Folate is important for DNA methylation and repair, and abnormalities in DNA methylation may contribute to loss of normal control of proto-oncogene expression. Folate and methionine are involved in the production of S-adenosylmethionine, the primary methyl donor in the body. Alcohol consumption may increase folate requirements and cause relative folate deficiency,1, 2 which has been related to increased breast cancer risk.3, 4, 5
Folate deficiency, or simply low levels of folate intake, may be related to the risk of colorectal cancer, possibly together with elevated alcohol drinking.2, 6, 7, 8 Thus, in the American Health Professionals cohort study, based on 205 cases of colon cancer, the relative risk (RR) was 3.3 for the combination of low folate, low methionine and high alcohol intake compared to low alcohol, high methionine, high folate intake among nonusers of aspirin.2 In a cohort study based on the Canadian National Breast Screening Study, the RR was 0.6 for the highest level of folate intake.9 A large, multicentric U.S. case-control study10 found no consistent support for an association between folate, other factors involved in DNA methylation and colon cancer risk; in the NHANES I epidemiologic follow-up study, the RR was 1.6 for subjects reporting low-folate, low-methionine and high-alcohol diets compared to those reporting low-alcohol, high-folate and high-methionine diets. The association was stronger in men.11 A multicentric Italian case-control study found RRs of 0.7–0.8 in the highest quintile of folic acid compared to the lowest.12
Regular alcohol drinking is frequent in the Italian population.13 We decided, therefore, to further consider the effect of folate consumption in the Italian multicentric study,12 using a comprehensive food-composition database including more than 60 natural sources of folate.14 We also considered the interaction of folate with alcohol and methionine on the risk of colorectal cancer in Italy.
The data were derived from a case-control study of colorectal cancer conducted between January 1992 and June 1996 in 6 Italian areas (4 in the north, 1 in the center, 1 in the south).12, 15 Cases were 1,225 subjects with histologically confirmed, incident cancer of the colon and 728 with cancer of the rectum, aged 23–74 years (median 62). Controls were patients admitted to the same hospitals for acute, non-neoplastic conditions unrelated to digestive tract diseases. A total of 4,154 control subjects, aged 20–74 years (median 58), were interviewed. Of these, 23% were admitted for traumas, 28% for other orthopedic disorders, 20% for acute surgical conditions, 19% for eye diseases and 10% for miscellaneous other illnesses, such as ear-nose-and-throat, skin and dental conditions. Fewer than 4% of subjects approached for interview (cases and controls) refused to participate.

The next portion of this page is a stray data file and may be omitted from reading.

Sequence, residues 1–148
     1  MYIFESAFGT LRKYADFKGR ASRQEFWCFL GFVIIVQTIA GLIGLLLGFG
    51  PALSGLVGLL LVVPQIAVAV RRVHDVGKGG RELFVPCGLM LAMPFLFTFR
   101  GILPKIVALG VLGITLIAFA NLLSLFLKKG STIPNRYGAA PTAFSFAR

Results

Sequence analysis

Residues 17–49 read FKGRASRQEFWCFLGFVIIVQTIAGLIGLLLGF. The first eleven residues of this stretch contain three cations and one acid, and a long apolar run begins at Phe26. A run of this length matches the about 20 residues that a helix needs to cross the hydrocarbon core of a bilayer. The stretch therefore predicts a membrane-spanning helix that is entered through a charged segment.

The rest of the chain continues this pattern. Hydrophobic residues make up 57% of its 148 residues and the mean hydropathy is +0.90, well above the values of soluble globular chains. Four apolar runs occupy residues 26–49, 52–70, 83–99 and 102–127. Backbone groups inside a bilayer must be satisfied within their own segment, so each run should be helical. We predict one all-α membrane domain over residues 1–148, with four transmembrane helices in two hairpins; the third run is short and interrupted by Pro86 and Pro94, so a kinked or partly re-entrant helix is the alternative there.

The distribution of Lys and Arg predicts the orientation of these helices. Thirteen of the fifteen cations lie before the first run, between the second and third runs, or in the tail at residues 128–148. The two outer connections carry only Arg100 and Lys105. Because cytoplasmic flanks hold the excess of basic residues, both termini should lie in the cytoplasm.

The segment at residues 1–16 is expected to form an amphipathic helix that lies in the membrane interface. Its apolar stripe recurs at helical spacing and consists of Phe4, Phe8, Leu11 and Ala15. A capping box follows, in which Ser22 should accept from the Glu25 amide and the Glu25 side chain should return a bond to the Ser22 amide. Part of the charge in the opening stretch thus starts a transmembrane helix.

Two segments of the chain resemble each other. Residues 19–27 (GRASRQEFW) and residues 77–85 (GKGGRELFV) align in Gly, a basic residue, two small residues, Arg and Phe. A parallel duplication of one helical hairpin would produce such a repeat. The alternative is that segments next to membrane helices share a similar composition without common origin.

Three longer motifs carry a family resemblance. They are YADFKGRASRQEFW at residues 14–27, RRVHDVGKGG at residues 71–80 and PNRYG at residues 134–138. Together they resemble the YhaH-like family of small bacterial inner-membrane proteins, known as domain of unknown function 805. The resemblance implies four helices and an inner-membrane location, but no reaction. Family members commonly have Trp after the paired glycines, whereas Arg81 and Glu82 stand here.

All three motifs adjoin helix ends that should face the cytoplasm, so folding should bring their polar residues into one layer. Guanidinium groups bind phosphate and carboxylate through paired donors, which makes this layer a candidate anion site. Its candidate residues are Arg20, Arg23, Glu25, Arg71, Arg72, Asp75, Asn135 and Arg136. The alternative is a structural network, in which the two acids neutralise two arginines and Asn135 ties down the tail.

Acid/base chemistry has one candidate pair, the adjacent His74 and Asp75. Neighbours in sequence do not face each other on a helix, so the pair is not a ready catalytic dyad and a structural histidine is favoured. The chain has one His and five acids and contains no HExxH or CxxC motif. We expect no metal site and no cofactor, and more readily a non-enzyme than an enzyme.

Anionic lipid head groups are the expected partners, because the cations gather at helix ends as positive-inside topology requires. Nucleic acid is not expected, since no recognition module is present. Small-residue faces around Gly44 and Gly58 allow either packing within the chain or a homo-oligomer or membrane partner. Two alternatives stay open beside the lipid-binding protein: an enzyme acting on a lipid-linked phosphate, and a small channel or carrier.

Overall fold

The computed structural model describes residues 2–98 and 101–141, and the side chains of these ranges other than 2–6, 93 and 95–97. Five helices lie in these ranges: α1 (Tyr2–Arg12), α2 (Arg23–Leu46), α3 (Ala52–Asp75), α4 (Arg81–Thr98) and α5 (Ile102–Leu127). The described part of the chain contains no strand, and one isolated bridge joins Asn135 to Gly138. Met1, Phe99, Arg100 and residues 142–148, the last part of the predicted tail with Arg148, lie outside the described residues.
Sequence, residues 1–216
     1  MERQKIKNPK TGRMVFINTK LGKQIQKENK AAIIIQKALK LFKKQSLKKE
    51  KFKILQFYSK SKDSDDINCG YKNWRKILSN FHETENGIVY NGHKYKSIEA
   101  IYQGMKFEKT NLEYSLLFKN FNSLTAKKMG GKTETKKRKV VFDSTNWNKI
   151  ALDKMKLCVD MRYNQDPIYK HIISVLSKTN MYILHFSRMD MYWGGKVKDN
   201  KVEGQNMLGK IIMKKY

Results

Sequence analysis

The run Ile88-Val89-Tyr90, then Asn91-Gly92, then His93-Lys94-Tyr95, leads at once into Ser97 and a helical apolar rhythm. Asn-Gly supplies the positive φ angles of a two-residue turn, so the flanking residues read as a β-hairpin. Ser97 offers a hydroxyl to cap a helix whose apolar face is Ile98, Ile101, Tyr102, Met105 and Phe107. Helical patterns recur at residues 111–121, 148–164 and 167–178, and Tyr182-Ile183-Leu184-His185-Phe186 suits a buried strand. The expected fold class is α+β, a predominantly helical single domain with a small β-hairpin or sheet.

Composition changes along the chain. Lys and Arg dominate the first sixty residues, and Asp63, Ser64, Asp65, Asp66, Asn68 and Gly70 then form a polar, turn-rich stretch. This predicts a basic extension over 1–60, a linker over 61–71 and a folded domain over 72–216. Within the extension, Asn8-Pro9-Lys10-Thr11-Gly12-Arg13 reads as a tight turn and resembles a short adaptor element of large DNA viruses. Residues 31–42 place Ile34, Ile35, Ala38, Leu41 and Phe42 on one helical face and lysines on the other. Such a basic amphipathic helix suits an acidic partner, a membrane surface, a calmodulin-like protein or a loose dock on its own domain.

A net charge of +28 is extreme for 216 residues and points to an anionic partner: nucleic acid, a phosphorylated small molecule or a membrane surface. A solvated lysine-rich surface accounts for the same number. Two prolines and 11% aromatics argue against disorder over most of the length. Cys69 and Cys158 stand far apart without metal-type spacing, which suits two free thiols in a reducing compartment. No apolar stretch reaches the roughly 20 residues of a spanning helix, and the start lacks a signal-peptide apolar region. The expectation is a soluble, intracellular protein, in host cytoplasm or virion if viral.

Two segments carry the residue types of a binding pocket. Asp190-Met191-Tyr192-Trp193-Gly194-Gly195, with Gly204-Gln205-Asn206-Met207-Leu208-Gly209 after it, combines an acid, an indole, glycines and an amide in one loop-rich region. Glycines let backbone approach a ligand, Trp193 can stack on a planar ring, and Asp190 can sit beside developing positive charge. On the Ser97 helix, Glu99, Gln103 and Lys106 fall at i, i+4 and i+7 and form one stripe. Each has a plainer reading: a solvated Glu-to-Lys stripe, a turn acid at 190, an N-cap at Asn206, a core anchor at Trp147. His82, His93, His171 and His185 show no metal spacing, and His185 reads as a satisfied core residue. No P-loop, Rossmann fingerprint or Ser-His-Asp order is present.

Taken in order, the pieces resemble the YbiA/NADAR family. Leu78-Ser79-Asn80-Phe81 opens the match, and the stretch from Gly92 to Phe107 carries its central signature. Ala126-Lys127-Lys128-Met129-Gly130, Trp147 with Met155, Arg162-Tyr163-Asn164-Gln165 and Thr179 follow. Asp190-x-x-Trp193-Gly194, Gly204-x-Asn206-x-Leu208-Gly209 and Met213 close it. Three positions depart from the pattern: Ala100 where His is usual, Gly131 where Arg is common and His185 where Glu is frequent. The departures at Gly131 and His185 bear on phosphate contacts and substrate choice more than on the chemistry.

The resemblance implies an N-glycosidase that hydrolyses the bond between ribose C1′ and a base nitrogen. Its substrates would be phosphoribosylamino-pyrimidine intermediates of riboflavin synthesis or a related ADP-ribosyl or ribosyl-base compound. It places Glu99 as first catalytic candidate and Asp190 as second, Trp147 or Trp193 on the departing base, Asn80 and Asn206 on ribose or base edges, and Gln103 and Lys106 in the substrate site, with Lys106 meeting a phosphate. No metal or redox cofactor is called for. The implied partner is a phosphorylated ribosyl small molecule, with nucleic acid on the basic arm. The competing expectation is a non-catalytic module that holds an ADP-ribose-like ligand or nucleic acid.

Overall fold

Information was collected in hospital by trained interviewers using a validated food-frequency questionnaire,16 including 78 foods or groups of foods, various alcoholic beverages and fat-intake pattern. To compute nutrient intake, Italian food-composition databases were used, integrated by information from the manufacturers.14 The main sources of folate were green leafy vegetables, pulses, (whole) grains and liver. To control for potential confounding factors, multiple logistic regression was used, including terms for sex, age, center, education, physical activity, family history of colorectal cancer and total energy intake, using the residual method. Additional allowance for regular aspirin use and selected dietary indicators, including measures of fiber and vitamin C intake, did not materially modify any of the risk estimates.
Table I gives the distribution of cases and controls according to quintile of intake (based on the distribution of cases and controls combined) of folate in the overall data set and in strata of sex, subsite, alcohol drinking and methionine intake. In the overall data set, the odds ratio (OR) was 0.72 for the highest quintile of folate and the continuous OR per 100 μg was 0.86. The inverse relation was similar in men and women and somewhat stronger for the rectum (OR = 0.59 for the highest quintile) compared to the colon (OR = 0.81). No apparent heterogeneity was observed across colon subsites. The inverse relation was also somewhat stronger in the highest tertile of alcohol drinking (OR = 0.65), though trends were not heterogeneous across strata of alcohol, whereas no consistent difference was observed across strata of methionine intake. The correlation coefficients of folate were 0.71 with methionine and 0.14 with alcohol intake.
|Stratum||Quintile1 of folate intake||χ2trend||Per 100 μg|
|OR2 (95% CI)2||1 (referent)||0.88 (0.74–1.04)||0.85 (0.71–1.01)||0.86 (0.73–1.03)||0.72 (0.60–0.86)||10.50 (p < 0.01)||0.86 (0.78–0.95)|